- Beyblade has a couple of prominent bootleggers, the biggest of which is Hongyi. Their fakes are sold under the name Rapidity and advertised as "compatible" with Beyblade parts. However, quality control is nonexistant, and the metal wheels are lead-based pewter. They deform and break much more quickly than the real thing, and release toxic gas if heated. The plastic parts, though, are a fair bit closer in quality to the real thing, but still fall short.
- There exists a Ouija Board knockoff called "Wee-Ji".
- There exist two blogs in the Pokémon fandom devoted to these.
- Very early Airfix figure sets dating from the 1950's are still in circulation, even though the figures are wooden, crude and blobby and the original moulds have passed through several owners and have not been improved by sixty or seventy years of continual use. They are now marketed by a firm based in Spain called Barcelona Universale Modeles and can very correctly be described as BUM models.
- A large percentage of Shovelware is made of these.
- Many unlicensed / bootleg NES games, especially by Thin Chen Enterprise (often sold under the Sachen brand name), are shoddy imitations of licensed ones, e.g. Silent Assault (Contra), Rocman X (Mega Man X), Challenge of the Dragon (Double Dragon), Jurassic Boy (Sonic the Hedgehog), Mission Cobra (Twin Cobra), Street Heroes (Street Fighter II), Q-Boy (Kirby), Raid 2020 (NARC), and Pipes (Pipe Dream). There are also several "pirate original" games based on movie franchises, such as Deathbots (Terminator), Harry's Legend (Harry Potter), and Titenic (Titanic).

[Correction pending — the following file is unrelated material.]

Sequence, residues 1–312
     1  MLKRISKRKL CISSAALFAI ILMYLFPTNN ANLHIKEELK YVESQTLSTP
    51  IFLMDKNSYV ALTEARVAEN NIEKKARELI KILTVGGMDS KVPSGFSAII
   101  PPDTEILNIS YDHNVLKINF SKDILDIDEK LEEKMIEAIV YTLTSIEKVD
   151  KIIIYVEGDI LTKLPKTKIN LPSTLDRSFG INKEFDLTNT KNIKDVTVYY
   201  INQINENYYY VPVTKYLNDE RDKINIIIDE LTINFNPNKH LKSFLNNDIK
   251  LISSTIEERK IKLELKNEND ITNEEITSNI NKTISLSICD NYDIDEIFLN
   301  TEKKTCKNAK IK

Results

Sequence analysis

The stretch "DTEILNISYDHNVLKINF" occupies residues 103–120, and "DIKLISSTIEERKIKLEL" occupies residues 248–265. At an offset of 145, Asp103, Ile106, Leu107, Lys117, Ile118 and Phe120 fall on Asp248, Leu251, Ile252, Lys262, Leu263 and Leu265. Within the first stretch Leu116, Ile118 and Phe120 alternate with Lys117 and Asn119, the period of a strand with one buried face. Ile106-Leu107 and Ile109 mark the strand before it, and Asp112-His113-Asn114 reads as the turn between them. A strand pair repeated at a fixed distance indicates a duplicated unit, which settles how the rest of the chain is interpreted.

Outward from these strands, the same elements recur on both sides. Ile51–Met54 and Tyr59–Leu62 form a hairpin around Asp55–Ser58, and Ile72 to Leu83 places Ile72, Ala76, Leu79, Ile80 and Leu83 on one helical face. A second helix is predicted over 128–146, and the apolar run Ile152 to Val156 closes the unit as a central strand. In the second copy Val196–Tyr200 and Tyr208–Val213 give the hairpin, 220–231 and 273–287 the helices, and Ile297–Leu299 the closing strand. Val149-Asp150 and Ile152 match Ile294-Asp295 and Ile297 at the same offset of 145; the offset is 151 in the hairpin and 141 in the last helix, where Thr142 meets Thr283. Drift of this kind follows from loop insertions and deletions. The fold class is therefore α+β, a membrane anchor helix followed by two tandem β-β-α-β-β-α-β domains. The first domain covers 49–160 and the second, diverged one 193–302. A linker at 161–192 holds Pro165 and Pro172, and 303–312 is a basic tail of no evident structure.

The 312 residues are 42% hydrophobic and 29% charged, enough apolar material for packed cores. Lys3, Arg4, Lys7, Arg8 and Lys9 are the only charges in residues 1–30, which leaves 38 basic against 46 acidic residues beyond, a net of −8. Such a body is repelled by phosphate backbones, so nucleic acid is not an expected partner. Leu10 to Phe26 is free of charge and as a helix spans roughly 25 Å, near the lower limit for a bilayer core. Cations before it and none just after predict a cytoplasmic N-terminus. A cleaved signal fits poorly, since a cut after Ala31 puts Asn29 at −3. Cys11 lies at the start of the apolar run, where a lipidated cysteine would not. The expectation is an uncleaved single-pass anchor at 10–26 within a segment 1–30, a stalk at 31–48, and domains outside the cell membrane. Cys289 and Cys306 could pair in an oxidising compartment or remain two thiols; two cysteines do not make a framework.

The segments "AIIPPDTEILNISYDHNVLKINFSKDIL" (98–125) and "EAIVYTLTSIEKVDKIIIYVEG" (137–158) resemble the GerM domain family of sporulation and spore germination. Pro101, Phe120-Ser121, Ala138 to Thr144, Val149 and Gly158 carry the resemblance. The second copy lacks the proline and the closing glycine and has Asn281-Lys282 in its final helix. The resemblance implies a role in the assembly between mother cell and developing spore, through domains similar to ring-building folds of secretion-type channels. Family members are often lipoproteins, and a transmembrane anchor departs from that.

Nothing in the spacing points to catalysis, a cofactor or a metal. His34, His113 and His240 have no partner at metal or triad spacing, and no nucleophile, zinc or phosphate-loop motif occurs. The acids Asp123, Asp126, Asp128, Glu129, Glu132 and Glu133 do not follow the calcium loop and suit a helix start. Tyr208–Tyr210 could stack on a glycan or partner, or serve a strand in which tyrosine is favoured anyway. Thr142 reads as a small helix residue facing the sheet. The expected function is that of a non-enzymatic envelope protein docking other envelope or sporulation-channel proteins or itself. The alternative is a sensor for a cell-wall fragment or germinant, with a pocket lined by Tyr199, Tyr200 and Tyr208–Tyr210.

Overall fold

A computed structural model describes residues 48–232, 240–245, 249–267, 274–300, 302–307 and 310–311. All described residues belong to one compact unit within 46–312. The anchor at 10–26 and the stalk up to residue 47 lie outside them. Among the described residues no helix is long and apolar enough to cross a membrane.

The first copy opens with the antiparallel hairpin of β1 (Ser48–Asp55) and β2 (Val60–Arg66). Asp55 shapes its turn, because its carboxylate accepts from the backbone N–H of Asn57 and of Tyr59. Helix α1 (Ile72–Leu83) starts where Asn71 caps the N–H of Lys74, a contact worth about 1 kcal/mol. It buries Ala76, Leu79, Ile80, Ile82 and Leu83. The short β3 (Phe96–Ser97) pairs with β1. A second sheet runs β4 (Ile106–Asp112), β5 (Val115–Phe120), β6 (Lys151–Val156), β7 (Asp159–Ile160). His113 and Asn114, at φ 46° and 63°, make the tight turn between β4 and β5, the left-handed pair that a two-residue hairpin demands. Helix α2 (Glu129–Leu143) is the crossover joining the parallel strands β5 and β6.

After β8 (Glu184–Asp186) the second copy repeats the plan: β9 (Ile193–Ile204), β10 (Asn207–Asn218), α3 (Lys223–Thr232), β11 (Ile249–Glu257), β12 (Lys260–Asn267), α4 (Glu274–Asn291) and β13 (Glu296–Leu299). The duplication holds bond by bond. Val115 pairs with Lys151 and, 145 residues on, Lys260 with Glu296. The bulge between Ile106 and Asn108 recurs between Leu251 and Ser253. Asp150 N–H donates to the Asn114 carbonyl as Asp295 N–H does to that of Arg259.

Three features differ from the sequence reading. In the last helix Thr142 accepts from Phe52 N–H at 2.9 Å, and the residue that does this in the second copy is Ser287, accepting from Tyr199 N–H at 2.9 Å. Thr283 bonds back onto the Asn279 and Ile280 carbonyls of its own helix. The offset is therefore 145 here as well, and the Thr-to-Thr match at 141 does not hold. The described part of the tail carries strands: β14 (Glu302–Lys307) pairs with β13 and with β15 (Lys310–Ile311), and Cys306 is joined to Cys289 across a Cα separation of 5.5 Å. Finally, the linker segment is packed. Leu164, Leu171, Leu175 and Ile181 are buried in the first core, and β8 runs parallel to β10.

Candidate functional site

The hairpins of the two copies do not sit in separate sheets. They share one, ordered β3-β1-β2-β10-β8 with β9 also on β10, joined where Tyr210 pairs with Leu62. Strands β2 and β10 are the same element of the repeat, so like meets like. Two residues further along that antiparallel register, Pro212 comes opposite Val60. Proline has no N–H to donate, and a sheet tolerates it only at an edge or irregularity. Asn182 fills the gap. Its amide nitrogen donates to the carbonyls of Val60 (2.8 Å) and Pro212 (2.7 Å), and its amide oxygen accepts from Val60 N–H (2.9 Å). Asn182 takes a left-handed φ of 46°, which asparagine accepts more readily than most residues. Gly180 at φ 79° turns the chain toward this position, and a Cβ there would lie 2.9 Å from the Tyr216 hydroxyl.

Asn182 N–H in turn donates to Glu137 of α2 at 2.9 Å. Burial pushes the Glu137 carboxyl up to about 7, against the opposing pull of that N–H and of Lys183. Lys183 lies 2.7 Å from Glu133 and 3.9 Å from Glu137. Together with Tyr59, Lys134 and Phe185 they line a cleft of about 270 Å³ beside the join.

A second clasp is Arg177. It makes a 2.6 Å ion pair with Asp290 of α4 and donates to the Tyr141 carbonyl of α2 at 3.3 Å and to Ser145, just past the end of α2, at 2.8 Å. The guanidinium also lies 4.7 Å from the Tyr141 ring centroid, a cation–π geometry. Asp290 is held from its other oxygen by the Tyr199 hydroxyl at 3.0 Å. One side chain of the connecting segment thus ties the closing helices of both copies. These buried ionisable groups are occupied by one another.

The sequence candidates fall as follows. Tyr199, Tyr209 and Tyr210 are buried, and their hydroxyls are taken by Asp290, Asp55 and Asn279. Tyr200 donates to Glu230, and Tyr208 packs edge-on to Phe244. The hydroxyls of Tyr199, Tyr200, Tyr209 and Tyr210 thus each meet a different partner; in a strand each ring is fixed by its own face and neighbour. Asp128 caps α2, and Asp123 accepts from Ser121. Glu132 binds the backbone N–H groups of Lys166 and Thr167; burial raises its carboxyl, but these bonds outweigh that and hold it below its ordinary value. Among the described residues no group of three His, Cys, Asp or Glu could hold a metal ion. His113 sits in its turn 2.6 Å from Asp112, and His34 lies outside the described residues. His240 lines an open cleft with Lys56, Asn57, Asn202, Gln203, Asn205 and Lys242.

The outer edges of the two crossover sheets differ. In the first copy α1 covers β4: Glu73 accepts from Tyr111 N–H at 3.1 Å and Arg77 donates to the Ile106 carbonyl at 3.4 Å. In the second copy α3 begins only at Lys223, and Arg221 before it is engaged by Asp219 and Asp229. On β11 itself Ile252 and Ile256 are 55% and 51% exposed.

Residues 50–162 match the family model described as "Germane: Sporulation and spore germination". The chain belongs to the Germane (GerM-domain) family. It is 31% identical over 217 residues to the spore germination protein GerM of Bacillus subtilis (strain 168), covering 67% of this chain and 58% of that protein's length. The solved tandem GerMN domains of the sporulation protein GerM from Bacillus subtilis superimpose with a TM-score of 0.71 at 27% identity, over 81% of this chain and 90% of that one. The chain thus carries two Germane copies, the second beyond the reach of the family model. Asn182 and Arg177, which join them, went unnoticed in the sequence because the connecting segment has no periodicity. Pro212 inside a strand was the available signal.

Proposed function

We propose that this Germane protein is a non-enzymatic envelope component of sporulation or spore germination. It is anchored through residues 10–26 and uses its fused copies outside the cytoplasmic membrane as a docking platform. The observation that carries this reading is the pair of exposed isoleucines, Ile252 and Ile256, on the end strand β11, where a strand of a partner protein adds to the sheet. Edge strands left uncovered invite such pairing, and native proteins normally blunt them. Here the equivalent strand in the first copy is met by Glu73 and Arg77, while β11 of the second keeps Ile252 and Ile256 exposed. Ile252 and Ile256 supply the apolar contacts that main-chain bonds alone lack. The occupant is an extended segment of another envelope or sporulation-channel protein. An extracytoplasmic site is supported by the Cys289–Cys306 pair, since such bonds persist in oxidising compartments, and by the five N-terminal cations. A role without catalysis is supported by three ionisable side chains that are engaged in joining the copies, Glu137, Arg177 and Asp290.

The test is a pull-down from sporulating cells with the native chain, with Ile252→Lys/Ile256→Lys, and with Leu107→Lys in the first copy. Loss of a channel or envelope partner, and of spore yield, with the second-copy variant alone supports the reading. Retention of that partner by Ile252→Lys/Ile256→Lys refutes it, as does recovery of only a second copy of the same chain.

- Dr. Wario (Wario's knockoff of Dr. Mario) from WarioWare, Inc.: Mega Micro Game$! is a parody of bootleg games where the main character (and possibly others) is replaced with another character from a totally unrelated and usually more popular game, with the game's title screen also edited appropriately.
- Guitar Superstar is a plug-n-play knockoff of Guitar Hero.
- Ditto for Guitar Fever.
- There are ads on this very wiki promoting an online game entitled Space Trek.
- Then there's "World of LordCraft" (from the same organization that's behind Evony), which has banner ads that urge you to "join the battlt now" (yes, spelled "battlt").
- The multicart Caltron 6-in-1, in addition to the original game Magic Carpet 1001, features knockoffs of Space Harrier(Cosmos Cop), Balloon Fight(Adam & Eve), Sokoban(Porter), Make Trax(Bookyman), and Buster Brothers(Balloon Monster).
- The POPstation (actually spelled that way) a Real Life knockoff of the Playstation Portable: acts as an extremely good example of this trope—as well as the former Trope Namer—and that's about the only good thing it does. Check out this video review. There are other products in the POPStation Watch series which are devices shaped like other consoles but have the same internals.